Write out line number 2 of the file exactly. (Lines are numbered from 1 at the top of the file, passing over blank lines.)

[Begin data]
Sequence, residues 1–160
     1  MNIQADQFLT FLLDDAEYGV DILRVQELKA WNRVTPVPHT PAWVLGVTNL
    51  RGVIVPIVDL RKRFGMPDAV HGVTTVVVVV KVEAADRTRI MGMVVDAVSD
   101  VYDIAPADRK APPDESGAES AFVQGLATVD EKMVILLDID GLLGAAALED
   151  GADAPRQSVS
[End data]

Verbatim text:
     1  MNIQADQFLT FLLDDAEYGV DILRVQELKA WNRVTPVPHT PAWVLGVTNL